Wednesday, 17 August 2022

How to have a sustainable picnic

How to have a sustainable picnic

I HAVE had some terrible picnics. The one at Whipsnade Zoo with my school friend Sharon, her mother and little sister Miriam.

Her mother spilt a bottle of orange squash over the picnic bag and we were pursued by wasps the whole day with me, Sharon and Miriam all getting stung.

The “posh” picnic created by my husband to celebrate our wedding anniversary.

After a long drive, we found the spot and parked the car. Two hungry people opened the boot to discover he had left it on the kitchen table. We are still speaking. Just.

But mostly picnics are one of the joys of summer. The simple pleasure of eating outside in a beautiful place on a warm day is hard to beat.

Picnics bring together a number of environmental issues — waste, travel, plastic pollution. Sadly, picnickers often leave behind large amounts of unsightly litter, most of which ends up in landfill and can be damaging to wildlife.

So how do you have an enjoyable time in the most planet-friendly way?

Let’s start with the food. The most sustainable picnic food is whatever you already have and would otherwise have thrown away. Turn fridge leftovers into a pasta or bean salad or sandwich filling. Cold meats, pork pies and cheeses can be bought loose at the deli counter, avoiding excess packaging. Jam jars make good containers for dips or a tomato and cucumber salad.

Avoid single use plastics like cling film if you can and pack food into Tupperware. Clean tea towels are good for wrapping sandwiches, bread or cakes and have the added advantage of being useful for wiping plates and cutlery afterwards.

A picnic hamper is nice but a reuseable supermarket bag with a few ice packs to keep everything cold works well too.

Last year, we bought a picnic rucksack which is insulated so keeps food cool and makes it easy to transport if you are walking any distance to get to your picnic site.

Take your own knives, forks and plates from home. According to estimates, England uses 1.1 billion single-use plates and 4.25 billion items of single-use cutlery — most of which is plastic — per year but only 10 per cent of this is recycled upon disposal.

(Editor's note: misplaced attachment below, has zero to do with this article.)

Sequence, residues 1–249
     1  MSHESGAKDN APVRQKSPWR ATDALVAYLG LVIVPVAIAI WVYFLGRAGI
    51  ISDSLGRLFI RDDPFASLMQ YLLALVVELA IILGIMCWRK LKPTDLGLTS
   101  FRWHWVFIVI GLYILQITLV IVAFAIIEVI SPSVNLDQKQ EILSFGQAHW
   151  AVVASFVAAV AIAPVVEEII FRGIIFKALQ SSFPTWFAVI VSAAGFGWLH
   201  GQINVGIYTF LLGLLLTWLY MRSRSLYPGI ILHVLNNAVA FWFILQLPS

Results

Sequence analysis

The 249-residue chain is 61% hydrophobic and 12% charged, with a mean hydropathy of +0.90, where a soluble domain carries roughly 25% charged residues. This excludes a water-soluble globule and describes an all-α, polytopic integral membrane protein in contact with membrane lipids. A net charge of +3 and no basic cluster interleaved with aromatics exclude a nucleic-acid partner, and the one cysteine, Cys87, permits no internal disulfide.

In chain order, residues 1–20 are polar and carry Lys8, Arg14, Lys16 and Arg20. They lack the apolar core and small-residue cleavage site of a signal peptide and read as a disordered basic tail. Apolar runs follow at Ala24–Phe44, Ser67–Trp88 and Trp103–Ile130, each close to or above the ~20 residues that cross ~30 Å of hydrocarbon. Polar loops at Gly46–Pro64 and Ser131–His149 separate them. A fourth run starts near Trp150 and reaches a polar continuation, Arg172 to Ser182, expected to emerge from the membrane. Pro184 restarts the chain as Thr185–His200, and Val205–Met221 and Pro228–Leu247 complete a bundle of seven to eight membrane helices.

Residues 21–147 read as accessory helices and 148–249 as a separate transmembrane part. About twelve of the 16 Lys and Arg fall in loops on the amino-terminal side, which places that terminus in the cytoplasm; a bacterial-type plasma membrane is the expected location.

The Government looks set to ban these as plastic takes many years to degrade and plastic pollution finds its way into water courses where it can be very damaging to marine life.

If you have the stomach for it, visit the Natural History Museum and watch the film of a scientist prising open a dead crab fished from the River Thames to find a large piece of plastic inside.

If you like picnics, investing in some reusable and unbreakable picnic cups and plates may be worthwhile. Look out for picnic crockery and storage containers made from biodegradable bamboo.

For drinks, avoid plastic bottles and single use takeaway cups. The UK uses 2.5 billion single use takeaway cups a year, most of which end up in landfill.

A stainless steel water bottle with a few ice cubes added will provide a refreshing cold drink and a flask of coffee with a couple of mugs a hot drink with no waste.

And finally, getting there. Walk, cycle, use public transport if you can. If you need the car try to car share if you’re going with friends.

If you’re stuck for somewhere to go, visit for some inspiration. This includes local beauty spots such as Warburg Nature Reserve, Watlington Hill and Wittenham Clumps for spectacular views.

I love picnics and hope you have some enjoyable ones this summer. Just avoid the wasps.

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